Top editors abruptly fired, sales department ousted at Daily Monitor

Top editors abruptly fired, sales department ousted at Daily Monitor
Eazzy Banking

The Aga Khan’s Monitor Publications Limited has today pushed out renowned Trade and Finance Editor William Lubulwa after refusing a lesser position in the newsroom.

Deputy Sports Editor Caesar Abangira and Edna Kyokunzire, a Sub-Editor on business desk  also were terminated Monday morning. A reporter, David Mafabi who was Daily Monitor’s Buraeu Chief in Mbale was also asked to leave the company. Mafabi was still trying to put up with the pressure at the head office, just month after being asked to leave his Mbale based responsibility.

The sales department is most affected by the layoffs, with almost all staff there sacked. It had just relocated to a new office along Wampewo Avenue.

There were however promotions for Daniel Kalinaki for Daily Monitor Editorial, Moses Ssesanga, former Monitor Manager for Human Resources who was elevated to General Manager for Human Resources and Sam Barata, who was  appointed General Manager Sales and Advertising.

“We just felt that we weren’t going in the direction that we needed to be going,” Overall NMG chief executive Tonny Glencross was quoted by a source. “The Daily Monitor brand is our brand that has a global reach and we just weren’t getting there fast enough.”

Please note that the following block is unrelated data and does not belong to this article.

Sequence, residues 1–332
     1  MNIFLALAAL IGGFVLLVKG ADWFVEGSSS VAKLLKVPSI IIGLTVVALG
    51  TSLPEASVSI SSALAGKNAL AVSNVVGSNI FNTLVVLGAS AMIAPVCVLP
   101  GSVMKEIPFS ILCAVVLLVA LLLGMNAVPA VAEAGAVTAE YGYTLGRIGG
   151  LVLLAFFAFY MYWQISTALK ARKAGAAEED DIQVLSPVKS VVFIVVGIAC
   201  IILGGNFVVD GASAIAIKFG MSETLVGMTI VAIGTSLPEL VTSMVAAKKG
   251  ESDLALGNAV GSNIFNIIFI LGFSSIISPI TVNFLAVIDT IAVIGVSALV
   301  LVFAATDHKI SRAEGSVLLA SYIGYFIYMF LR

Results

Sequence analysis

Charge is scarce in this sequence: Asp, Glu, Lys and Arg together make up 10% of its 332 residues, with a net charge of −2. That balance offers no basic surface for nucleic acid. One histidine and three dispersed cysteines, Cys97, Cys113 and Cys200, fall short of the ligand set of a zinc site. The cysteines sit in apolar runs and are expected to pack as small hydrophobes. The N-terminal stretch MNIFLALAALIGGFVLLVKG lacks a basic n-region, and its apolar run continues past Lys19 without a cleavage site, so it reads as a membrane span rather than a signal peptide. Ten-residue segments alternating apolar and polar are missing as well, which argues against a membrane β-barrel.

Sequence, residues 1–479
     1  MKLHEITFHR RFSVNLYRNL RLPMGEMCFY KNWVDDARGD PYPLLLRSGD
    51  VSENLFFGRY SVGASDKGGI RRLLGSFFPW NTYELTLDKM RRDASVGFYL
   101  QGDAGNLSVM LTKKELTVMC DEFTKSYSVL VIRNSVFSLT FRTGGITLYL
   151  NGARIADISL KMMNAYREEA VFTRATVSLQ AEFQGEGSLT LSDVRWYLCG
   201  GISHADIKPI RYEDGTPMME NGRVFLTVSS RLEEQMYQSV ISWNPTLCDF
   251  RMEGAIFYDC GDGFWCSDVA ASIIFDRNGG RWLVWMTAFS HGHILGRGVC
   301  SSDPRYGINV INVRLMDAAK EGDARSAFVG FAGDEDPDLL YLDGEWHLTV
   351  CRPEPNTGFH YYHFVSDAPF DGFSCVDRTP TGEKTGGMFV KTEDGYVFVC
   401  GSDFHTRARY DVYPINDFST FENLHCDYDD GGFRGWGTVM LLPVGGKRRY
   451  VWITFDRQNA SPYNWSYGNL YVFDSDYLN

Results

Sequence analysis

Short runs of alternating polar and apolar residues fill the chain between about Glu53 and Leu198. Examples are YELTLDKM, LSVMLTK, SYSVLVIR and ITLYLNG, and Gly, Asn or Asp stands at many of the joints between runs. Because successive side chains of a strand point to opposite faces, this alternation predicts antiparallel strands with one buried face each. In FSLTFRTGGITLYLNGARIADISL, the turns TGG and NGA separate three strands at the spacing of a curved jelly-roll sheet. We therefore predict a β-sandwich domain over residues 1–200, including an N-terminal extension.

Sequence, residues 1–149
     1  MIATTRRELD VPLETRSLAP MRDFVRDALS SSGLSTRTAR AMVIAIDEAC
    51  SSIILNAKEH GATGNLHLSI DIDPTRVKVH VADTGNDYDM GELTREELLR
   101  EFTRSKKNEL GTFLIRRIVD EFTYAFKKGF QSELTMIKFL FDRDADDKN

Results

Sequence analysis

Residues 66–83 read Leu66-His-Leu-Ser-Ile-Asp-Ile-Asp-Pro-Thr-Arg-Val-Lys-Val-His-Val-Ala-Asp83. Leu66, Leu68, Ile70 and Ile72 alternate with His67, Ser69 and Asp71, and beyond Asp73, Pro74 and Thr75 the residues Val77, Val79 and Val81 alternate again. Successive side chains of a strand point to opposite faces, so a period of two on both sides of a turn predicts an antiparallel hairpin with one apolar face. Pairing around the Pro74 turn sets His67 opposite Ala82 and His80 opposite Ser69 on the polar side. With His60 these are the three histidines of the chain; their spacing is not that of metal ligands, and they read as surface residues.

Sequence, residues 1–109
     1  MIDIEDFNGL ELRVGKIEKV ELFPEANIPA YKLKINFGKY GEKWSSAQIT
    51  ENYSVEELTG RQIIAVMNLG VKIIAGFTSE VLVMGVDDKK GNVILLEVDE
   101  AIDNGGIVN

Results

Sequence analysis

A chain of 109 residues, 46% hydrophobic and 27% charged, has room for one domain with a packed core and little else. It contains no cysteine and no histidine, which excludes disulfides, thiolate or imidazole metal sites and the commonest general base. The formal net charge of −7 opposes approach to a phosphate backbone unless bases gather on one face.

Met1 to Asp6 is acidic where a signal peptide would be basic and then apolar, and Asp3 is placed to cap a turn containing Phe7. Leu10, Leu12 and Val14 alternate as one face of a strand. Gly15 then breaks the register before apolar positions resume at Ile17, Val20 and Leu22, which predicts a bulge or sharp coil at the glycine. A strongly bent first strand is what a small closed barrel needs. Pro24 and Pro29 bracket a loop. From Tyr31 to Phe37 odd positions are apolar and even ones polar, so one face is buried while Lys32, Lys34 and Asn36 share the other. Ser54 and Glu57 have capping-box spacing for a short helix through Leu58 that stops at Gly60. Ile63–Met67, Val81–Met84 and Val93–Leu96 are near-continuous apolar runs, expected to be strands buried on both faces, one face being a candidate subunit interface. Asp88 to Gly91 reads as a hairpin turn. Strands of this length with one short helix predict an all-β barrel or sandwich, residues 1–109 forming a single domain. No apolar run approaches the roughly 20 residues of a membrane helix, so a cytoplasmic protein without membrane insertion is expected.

“We don’t do it lightly, but he’s got to build a team with a digital-first mindset to maintain the integrity of the great journalism that we do here,” Glencross was quoted again, regarding the dismissal of so many editors.

The owners announced on Thursday that the media houses are set to consolidate departments and operations with the top bosses confirming that some employees will be fired as the company struggles to sail in the murky waters of digital media.

This week, the axe said to be going to chop reporters in Daily Monitor and Ennyanda newspapers and the two radio stations, KFM and Dembe before moving for senior managers.

The moves come as the Daily Monitor’s print paper shrinks to fewer and fewer pages with ads and the online paper also slips further behind the national competition.

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